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USC to Purchase KCNL in San Jose for $7.5 million to Expand KDFC’s Classical Radio Coverage

Outside KCNL's studios in San Jose (Photo: J. Waits)

Outside KCNL's studios in San Jose (Photo: J. Waits)

It was announced today that Principle Broadcasting Network, the owner of San Jose-area commercial radio station KCNL 104.9 FM, has submitted paperwork to the FCC in order to sell the station to University of Southern California (USC) for $7.5 million for use in its network of classical radio stations. Currently KCNL airs a Spanish-language talk format comprised of paid programming.

This is big news for USC and its affiliated entity Classical Public Radio Network (CPRN, which is 90% owned by USC), which has been vocal about its desire to expand its programming into the South Bay area. After Entercom transferred its KDFC brand to CPRN last year, the classical music network has been working hard to reconstruct the listening range available over KDFC when it was a commercial station.

CPRN is currently leasing KUSF 90.3 FM while it awaits word from the FCC regarding its application to purchase the station. In the meantime, CPRN was able to purchase the formerly religious station KNDL (now with the call sign KDFC) in Angwin, as well the former KUSP  translator in Los Gatos. With the additional purchase of KCNL, CPRN should be able to satisfy disgruntled South Bay listeners who have been without a terrestrial FM signal for KDFC for the past year. According to paperwork filed with the FCC, USC hopes to “operate KCNL as a ‘satellite’ of commonly-owned noncommercial educational station KDFC(FM), Angwin, California.”

In a joint statement today, USC and Principle announced,

“The Principle Broadcasting Network LLC has signed an asset purchase agreement to sell KCNL-FM, licensed to Sunnyvale, CA, to the University of Southern California (USC).  USC operates classical stations in Southern California and is a majority partner of the Classical Public Radio Network which operates Classical KDFC-FM in the San Francisco Bay Area. Media Venture Partners represented Principle Broadcasting Network in this transaction.”

KCNL in its current form is a unique station in that it has been leasing out its entire broadcast schedule to a number of entities interested in reaching the Spanish language community in the San Jose area. When I visited the station back in February, I was told that the entire broadcast schedule was available for lease. For the most part, it’s community-based entities renting out the airtime for a range of different talk shows in Spanish, as well as a few music-based programs like “Bobby Gold’s Oldies.” The syndicated “Save Alternative” (aka S*ALT FM) programming also airs on KCNL 104.9 FM on Saturday and Sunday nights and is broadcast over KCNL’s HD2 channel 24 hours a day, 7 days a week.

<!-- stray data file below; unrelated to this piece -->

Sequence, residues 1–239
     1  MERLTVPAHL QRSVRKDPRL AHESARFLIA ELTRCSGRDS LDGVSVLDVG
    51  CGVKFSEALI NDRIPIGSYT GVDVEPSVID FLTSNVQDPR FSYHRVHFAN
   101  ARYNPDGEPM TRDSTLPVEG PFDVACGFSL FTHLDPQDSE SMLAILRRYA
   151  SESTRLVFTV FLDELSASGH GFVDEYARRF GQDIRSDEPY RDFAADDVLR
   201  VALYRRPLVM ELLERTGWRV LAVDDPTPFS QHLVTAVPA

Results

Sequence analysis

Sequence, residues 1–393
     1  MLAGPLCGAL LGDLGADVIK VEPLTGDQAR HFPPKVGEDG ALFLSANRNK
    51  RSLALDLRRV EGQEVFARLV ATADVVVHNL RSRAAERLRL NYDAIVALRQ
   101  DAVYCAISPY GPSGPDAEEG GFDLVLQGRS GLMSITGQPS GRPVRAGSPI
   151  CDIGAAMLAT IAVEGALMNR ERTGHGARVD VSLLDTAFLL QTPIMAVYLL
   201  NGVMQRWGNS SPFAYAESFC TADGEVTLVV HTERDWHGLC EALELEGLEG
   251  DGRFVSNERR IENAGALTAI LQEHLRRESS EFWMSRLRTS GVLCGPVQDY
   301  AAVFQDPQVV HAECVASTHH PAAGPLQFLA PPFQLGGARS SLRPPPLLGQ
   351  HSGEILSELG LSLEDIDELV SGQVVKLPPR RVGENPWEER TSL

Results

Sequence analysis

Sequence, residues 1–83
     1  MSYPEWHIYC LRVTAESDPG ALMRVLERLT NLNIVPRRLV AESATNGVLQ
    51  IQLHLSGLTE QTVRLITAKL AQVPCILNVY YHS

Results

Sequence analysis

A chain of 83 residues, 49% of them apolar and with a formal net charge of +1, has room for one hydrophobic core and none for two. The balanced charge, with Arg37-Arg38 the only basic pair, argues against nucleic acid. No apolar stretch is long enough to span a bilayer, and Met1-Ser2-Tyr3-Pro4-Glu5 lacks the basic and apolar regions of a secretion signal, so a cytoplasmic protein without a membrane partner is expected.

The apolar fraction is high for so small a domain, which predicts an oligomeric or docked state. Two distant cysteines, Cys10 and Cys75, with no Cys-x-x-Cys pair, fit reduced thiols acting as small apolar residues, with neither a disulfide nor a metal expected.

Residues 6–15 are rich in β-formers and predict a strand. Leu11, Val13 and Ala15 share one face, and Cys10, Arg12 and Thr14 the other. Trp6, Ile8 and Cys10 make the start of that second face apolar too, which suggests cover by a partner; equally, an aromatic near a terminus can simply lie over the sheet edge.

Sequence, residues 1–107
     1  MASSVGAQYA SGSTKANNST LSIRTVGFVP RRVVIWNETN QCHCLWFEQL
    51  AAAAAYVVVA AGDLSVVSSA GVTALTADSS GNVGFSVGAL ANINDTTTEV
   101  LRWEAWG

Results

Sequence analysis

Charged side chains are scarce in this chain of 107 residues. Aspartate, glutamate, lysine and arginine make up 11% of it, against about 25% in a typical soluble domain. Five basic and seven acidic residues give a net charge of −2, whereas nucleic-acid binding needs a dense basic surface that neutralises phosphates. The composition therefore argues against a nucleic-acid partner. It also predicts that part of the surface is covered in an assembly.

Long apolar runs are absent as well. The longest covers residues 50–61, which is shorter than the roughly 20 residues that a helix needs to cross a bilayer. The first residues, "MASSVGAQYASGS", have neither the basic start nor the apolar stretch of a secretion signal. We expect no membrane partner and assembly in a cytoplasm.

KCNL’s sister stations (also owned by Principle) KLOK and KSJO operate from the same studio location in San Jose and are also made up of brokered programming for different communities. KLOK airs a variety of programming for the Asian Indian community (after it launched by playing Bollywood music) and KSJO is 100% Chinese language programming (after a transition period in which it aired the Save Alternative format.)

USC plans to begin airing classical music programming over KCNL in advance of the transfer of control through a lease management agreement (LMA). Additionally, USC filed a request with the FCC to change the status of KCNL from commercial to non-commercial upon consummation of the license transfer. I’m still awaiting word from Principle and USC about further details of this sale and when programming from KDFC will begin airing over 104.9 FM.


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2 Responses to USC to Purchase KCNL in San Jose for $7.5 million to Expand KDFC’s Classical Radio Coverage

  1. Anthony Sacco March 31, 2012 at 10:06 am #

    Hopefully CPRN will now surrender the K2122A translator it purchased from Pataphysical Broadcasting KUSP, Santa Cruz.

    Is it too much to hope that KUSP will repurchase its translator and restore KUSP signal to the Santa Clara Valley and greater San Jose?

  2. Nick March 31, 2012 at 10:46 pm #

    Thank god. 104.9 FM was a brokered disgrace on air, with that awful automated ‘Save Alternative’ (from what? save me from the dreadful bores they sometimes had as on air hosts). Bay Area needed more classical and another non-profit on the air.

    Curious to think what will happen to 92.3 and 1170. Is this a sign of the future for those stations?

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